In those few above lines, Brodsky introduces us not only to the Avram who becomes Avraham, the father of a great nation, but pre-figures both the brief past and the eternal future of the Covenant People of which he has been selected as Patriarch and founder. Like Moses, Abraham is reluctant to take on his mission, but like Moses realizes that he has no choice. But he does not blindly follow God’s instructions without asking normal questions that might occur to anyone who might be so selected. Like his grandson Jacob, Abraham is simultaneously an individual, a husband to Sarah and later father to Isaac. He is told that his descendants will be as numerous as the stars in the sky or grains of sand on the beaches. Thanks to L. D. Brodsky, we have the translated words which seem credible for Abraham to have pondered as he started out on his lonely mission to a far-off land. Abraham, the first Jew, became Abraham the first Diaspora Jew, just as Joseph and Moses would later become.

Brodsky’s irrepressible humor and gift for satire comes into play in his poem about the Maccabees, How the Jews Blew It, which contains the lines:

Excuse me, but the Jews blew it real good,

Blew it all to smithereens.

Granted, that was way, way back,

During the time of Antiochus Epiphanes

And the Hasmonean dynasty of the Maccabees,

Way back when the Greeks set up their main man,

The head honcho god of gods, Zeus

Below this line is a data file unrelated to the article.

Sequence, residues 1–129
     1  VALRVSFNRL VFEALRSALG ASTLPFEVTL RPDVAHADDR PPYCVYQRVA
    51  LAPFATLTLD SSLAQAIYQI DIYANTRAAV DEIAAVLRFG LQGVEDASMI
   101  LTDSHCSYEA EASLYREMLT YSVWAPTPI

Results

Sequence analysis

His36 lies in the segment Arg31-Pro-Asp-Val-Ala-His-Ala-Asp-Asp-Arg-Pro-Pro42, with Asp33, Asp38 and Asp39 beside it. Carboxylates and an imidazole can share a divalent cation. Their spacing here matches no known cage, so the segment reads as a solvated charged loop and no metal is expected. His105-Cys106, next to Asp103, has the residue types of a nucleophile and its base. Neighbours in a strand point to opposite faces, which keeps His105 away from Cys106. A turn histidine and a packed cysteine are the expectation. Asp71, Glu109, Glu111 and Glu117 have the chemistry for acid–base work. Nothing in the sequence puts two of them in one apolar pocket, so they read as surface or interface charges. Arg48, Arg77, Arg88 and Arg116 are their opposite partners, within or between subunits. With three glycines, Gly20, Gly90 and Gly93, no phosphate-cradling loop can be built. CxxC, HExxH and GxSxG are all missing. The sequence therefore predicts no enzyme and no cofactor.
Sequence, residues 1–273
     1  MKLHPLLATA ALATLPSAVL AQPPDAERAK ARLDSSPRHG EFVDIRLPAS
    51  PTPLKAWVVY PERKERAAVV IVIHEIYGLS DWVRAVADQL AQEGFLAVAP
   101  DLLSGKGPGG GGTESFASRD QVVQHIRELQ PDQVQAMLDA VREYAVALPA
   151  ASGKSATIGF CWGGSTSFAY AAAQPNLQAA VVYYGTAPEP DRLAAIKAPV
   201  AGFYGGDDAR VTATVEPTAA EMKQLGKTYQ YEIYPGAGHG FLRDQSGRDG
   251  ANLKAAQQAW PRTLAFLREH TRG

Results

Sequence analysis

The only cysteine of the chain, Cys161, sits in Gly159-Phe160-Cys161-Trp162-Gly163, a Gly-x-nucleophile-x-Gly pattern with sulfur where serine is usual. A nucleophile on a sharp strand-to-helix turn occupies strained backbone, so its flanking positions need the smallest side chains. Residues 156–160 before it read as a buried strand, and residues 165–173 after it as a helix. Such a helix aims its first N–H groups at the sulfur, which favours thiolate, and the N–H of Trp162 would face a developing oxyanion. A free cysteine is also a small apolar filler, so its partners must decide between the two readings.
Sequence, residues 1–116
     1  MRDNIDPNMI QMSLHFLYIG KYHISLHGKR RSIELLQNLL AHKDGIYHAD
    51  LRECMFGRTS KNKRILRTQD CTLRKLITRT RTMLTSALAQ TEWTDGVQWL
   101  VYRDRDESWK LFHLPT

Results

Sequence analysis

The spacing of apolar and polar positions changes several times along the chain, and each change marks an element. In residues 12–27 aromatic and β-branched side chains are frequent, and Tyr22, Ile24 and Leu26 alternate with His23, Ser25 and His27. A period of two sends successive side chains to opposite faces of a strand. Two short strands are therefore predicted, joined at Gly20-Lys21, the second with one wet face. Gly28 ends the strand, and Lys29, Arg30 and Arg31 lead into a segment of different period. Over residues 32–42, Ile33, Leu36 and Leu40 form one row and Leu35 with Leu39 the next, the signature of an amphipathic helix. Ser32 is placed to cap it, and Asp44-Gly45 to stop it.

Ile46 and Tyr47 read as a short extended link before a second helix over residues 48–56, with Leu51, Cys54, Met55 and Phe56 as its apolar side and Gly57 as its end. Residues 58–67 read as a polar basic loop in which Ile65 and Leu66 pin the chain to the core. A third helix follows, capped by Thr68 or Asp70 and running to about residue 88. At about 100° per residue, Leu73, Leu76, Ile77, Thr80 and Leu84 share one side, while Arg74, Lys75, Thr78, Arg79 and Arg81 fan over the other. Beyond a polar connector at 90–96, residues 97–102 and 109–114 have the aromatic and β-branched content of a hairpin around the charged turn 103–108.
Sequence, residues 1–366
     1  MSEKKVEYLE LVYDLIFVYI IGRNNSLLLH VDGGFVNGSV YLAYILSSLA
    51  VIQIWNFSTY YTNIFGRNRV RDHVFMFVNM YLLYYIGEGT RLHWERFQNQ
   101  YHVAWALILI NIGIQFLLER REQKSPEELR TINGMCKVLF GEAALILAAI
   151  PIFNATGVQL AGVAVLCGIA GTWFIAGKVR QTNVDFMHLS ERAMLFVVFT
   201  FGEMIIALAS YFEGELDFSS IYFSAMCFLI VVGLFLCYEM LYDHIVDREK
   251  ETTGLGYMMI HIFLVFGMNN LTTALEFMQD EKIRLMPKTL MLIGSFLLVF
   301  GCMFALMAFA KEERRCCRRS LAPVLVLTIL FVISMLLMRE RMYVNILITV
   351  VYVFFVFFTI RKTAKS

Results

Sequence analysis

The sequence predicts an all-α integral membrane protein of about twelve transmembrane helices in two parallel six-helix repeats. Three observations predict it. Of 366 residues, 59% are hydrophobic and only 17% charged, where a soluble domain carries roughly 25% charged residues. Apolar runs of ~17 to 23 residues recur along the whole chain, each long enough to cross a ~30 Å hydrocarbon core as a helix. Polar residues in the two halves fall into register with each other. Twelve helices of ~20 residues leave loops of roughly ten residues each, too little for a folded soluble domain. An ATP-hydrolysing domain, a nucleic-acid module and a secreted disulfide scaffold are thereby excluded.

(Alias Baal, in Asia Minor,

Whose pseudonym the Athenians didn’t mind at all).

On the altar of the temple in Jerusalem.

Brodsky goes on to discuss, in biting, humorous language, the choices the Jews were making at the time of the Maccabees, around 167 BCE: Hellenism, the ways of the Essenes, a generalized flirtation with pagan gods and practices, the challenges presented by Jesus and his followers, adding, “And that, in a nutshell, is how the Jews blew it…”

Also of note is Superjew, which places Superman and his alter ego Clark Kent in their proper Jewish context; after all, they were created by Jerry Siegel and Joe Schuster, two Jewish boys in Cleveland during the Great Depression — a work which is ribald and fully on target about how the Superhero myth taps into Jewish longing to fit into the Diaspora culture.

With Still Wandering in the Wilderness, Louis Daniel Brodsky confirms his place in the first rank of American poets who are Jewish, and among the great American Jewish poets. This volume is a collection to be savored, read and re-read in order to fully glimpse the many verbal gems that sparkle among its couplets.